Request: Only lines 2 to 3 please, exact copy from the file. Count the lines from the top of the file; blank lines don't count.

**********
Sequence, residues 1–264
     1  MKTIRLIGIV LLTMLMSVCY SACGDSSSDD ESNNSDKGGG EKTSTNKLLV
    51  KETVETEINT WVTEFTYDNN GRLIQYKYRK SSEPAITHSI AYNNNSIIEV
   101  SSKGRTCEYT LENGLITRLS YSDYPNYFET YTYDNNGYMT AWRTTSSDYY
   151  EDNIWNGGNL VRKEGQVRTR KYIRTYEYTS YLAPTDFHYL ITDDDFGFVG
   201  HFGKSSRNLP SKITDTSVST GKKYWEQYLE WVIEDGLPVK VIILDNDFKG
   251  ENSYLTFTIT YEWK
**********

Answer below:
     1  MKTIRLIGIV LLTMLMSVCY SACGDSSSDD ESNNSDKGGG EKTSTNKLLV
    51  KETVETEINT WVTEFTYDNN GRLIQYKYRK SSEPAITHSI AYNNNSIIEV